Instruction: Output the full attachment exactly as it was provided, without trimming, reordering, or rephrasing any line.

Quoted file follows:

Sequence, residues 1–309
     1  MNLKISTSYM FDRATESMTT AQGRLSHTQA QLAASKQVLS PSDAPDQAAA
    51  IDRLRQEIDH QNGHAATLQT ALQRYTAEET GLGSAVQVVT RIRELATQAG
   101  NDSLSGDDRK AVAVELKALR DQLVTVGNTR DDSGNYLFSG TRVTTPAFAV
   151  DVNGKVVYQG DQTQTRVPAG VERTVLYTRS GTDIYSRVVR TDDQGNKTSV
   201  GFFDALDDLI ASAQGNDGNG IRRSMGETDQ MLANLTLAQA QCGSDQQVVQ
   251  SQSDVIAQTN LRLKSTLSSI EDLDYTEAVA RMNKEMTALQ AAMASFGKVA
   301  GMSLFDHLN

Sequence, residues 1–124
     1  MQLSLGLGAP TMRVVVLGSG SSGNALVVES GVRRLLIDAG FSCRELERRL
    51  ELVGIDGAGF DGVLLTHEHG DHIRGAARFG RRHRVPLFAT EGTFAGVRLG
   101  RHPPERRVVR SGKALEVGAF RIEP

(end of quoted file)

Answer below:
Sequence, residues 1–309
     1  MNLKISTSYM FDRATESMTT AQGRLSHTQA QLAASKQVLS PSDAPDQAAA
    51  IDRLRQEIDH QNGHAATLQT ALQRYTAEET GLGSAVQVVT RIRELATQAG
   101  NDSLSGDDRK AVAVELKALR DQLVTVGNTR DDSGNYLFSG TRVTTPAFAV
   151  DVNGKVVYQG DQTQTRVPAG VERTVLYTRS GTDIYSRVVR TDDQGNKTSV
   201  GFFDALDDLI ASAQGNDGNG IRRSMGETDQ MLANLTLAQA QCGSDQQVVQ
   251  SQSDVIAQTN LRLKSTLSSI EDLDYTEAVA RMNKEMTALQ AAMASFGKVA
   301  GMSLFDHLN

Sequence, residues 1–124
     1  MQLSLGLGAP TMRVVVLGSG SSGNALVVES GVRRLLIDAG FSCRELERRL
    51  ELVGIDGAGF DGVLLTHEHG DHIRGAARFG RRHRVPLFAT EGTFAGVRLG
   101  RHPPERRVVR SGKALEVGAF RIEP